Duke University

Boy moms more social in chimpanzees

Nearly four decades of observations of Tanzanian chimpanzees has revealed that the mothers of sons are about 25 percent more social than the mothers of daughters. Boy moms were found to spend about two hours ...

dateNov 24, 2014 in Plants & Animals
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In baseball, bigger still better

Max Scherzer leads Major League Baseball in wins. As a pitcher for the Detroit Tigers, he hasn't lost a game this season. His 6-foot, 3-inch frame is a telling example of constructal-law theory, said Duke ...

dateJul 08, 2013 in Other
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Creating nanostructures from the bottom up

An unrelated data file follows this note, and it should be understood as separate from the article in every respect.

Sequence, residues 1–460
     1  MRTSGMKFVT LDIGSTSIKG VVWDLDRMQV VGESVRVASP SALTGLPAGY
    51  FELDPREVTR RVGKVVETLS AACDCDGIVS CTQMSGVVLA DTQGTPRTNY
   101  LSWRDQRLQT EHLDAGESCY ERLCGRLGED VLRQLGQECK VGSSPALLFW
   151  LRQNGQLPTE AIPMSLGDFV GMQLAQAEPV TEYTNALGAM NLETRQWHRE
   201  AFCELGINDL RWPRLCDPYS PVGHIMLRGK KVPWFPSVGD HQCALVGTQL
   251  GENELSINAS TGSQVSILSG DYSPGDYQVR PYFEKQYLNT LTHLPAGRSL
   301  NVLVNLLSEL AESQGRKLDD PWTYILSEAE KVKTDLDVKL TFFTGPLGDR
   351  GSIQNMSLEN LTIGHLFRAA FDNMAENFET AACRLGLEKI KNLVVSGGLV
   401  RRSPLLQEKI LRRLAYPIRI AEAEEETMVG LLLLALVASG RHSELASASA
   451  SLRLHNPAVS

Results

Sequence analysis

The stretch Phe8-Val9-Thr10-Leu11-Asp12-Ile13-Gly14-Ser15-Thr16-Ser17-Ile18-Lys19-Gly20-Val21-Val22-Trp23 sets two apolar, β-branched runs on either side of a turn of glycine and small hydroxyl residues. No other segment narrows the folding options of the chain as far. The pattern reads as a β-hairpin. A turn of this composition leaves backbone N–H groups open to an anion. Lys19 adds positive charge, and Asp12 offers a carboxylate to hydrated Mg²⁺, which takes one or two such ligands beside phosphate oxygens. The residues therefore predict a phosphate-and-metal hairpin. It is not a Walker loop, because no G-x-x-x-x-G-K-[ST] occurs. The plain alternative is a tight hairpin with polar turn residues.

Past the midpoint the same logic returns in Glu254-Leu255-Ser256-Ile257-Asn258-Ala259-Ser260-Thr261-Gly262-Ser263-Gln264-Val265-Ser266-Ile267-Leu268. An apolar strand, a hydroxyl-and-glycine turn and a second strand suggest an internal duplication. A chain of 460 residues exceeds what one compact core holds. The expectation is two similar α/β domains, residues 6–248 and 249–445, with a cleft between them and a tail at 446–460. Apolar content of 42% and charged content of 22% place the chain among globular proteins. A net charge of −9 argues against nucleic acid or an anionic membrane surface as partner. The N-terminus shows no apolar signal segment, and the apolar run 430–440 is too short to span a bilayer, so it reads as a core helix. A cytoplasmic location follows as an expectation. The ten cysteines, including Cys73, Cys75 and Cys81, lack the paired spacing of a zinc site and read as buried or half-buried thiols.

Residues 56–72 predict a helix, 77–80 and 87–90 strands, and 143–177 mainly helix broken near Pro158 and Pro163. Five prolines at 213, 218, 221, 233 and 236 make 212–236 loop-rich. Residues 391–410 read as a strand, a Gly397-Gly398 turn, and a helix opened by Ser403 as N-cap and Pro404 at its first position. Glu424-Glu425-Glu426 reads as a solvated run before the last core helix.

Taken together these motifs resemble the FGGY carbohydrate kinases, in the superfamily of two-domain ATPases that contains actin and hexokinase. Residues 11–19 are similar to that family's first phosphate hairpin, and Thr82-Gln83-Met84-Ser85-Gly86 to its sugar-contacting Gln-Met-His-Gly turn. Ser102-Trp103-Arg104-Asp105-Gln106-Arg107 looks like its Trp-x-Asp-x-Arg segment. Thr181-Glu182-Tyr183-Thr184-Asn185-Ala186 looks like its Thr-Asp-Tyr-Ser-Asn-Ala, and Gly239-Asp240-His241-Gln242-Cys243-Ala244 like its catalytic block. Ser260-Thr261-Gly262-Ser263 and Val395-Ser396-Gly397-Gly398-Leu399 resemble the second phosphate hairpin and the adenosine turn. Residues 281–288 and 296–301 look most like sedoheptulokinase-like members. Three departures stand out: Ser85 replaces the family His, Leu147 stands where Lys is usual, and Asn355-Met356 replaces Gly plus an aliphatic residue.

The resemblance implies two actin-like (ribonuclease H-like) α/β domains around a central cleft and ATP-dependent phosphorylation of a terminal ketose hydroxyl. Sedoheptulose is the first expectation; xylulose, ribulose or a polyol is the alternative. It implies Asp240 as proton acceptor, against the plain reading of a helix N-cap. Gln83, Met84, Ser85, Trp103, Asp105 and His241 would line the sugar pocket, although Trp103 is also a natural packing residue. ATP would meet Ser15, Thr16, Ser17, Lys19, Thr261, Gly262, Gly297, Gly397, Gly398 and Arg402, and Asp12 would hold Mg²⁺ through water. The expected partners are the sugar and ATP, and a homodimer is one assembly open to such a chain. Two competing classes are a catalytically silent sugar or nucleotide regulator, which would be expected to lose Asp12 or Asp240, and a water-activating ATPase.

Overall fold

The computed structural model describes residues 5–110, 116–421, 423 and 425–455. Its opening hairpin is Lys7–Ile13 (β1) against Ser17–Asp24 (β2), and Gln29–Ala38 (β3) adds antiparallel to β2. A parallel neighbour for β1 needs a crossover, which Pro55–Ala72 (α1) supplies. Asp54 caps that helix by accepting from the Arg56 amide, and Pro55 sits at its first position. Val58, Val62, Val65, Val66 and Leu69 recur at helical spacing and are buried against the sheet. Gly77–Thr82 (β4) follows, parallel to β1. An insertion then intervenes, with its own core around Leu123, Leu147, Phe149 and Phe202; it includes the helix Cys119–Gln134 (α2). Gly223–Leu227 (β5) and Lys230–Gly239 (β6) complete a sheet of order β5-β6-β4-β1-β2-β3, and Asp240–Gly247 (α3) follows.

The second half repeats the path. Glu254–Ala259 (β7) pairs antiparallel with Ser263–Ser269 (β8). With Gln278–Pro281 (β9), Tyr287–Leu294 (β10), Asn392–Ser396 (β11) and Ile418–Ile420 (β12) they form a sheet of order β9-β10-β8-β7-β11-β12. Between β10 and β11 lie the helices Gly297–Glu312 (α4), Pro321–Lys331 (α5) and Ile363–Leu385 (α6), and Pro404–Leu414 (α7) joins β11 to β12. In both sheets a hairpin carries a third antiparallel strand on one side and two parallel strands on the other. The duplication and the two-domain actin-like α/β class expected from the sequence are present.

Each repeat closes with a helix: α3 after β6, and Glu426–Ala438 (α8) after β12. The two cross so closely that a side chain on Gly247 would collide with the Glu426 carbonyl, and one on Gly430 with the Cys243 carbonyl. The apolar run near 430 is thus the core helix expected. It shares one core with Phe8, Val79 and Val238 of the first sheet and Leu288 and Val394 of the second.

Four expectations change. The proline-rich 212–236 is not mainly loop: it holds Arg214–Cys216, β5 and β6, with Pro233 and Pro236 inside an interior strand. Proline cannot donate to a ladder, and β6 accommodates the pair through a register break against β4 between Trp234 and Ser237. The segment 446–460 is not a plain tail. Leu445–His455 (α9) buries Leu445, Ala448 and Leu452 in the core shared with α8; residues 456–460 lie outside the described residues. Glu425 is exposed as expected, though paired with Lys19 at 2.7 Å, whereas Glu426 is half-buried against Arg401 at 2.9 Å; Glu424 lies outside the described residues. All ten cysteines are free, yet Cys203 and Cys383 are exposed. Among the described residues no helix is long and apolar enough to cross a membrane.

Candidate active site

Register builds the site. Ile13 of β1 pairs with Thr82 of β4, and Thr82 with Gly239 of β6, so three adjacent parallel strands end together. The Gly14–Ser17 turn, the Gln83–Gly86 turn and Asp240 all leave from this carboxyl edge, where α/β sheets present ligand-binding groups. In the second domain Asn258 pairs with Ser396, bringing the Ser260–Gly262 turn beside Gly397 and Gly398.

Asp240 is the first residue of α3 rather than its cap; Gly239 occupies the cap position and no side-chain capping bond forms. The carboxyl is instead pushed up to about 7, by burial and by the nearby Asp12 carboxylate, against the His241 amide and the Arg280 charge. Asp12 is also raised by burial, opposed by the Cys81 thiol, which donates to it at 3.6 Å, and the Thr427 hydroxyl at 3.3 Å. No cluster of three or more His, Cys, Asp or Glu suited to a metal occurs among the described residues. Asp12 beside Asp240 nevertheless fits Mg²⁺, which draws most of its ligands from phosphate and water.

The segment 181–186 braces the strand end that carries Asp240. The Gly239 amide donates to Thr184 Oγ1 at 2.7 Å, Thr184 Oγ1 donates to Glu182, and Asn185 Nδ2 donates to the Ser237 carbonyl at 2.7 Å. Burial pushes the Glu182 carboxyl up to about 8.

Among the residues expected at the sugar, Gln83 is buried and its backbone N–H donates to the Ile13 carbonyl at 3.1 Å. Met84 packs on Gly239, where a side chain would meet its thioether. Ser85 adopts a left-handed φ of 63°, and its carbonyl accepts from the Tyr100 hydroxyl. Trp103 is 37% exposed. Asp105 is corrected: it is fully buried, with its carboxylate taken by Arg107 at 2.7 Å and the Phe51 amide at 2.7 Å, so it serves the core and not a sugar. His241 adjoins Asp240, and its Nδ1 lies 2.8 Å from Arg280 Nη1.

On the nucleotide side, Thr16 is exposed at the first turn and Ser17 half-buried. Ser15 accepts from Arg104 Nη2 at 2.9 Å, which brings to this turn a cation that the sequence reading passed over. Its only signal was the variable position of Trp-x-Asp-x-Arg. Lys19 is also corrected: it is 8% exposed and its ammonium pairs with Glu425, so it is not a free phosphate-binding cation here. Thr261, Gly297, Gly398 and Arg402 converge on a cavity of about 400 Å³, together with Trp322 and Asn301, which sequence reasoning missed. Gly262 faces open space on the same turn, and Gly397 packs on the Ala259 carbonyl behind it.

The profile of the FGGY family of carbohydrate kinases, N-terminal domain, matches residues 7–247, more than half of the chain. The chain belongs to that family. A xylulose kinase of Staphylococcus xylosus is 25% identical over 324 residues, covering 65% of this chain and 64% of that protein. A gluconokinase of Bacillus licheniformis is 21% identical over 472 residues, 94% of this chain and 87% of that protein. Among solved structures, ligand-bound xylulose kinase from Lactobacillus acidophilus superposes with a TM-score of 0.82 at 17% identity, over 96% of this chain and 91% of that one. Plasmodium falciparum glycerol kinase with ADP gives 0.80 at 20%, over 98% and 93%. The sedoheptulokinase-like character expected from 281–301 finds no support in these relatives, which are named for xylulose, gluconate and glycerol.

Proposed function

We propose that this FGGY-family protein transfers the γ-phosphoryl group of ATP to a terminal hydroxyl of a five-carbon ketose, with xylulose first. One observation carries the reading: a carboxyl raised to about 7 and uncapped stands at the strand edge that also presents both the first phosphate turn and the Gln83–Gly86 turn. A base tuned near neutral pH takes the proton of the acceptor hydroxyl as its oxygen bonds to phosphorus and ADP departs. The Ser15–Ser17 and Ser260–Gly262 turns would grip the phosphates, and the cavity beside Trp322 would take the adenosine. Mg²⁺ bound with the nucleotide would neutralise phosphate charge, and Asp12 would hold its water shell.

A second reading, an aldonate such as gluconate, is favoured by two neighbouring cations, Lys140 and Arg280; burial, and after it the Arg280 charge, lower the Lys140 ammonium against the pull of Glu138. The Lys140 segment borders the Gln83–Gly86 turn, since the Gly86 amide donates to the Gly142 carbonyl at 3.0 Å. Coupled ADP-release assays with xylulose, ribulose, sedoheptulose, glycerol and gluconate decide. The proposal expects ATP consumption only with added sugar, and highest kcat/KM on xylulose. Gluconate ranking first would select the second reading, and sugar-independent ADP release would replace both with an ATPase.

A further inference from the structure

Microscopic particles are being coaxed by Duke University engineers to assemble themselves into larger crystalline structures by the use of varying concentrations of microscopic particles and magnetic fields.

dateApr 24, 2012 in Nanophysics
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Process makes polymers truly plastic

Just as a chameleon changes its color to blend in with its environment, Duke University engineers have demonstrated for the first time that they can alter the texture of plastics on demand, for example, switching ...

dateMar 15, 2012 in Polymers
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Networking ability a family trait in monkeys

Two years of painstaking observation on the social interactions of a troop of free-ranging monkeys and an analysis of their family trees has found signs of natural selection affecting the behavior of the descendants.

dateJan 09, 2013 in Plants & Animals
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